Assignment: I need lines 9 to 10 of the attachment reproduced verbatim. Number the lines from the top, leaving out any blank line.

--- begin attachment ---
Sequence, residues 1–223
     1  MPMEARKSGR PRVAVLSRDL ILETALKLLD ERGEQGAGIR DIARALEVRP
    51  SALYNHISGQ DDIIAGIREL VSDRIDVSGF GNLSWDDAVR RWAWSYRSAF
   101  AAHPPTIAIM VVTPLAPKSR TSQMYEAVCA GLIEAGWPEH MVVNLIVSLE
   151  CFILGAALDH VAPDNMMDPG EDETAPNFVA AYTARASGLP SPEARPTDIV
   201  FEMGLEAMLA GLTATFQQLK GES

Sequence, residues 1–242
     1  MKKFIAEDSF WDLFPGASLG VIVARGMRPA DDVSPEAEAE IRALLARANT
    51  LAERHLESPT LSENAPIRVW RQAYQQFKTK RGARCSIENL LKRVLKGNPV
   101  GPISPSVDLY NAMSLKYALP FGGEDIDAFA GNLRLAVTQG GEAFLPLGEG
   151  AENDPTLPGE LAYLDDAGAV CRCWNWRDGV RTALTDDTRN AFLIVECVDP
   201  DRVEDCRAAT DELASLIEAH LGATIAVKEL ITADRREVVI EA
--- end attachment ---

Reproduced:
    51  LAERHLESPT LSENAPIRVW RQAYQQFKTK RGARCSIENL LKRVLKGNPV
   101  GPISPSVDLY NAMSLKYALP FGGEDIDAFA GNLRLAVTQG GEAFLPLGEG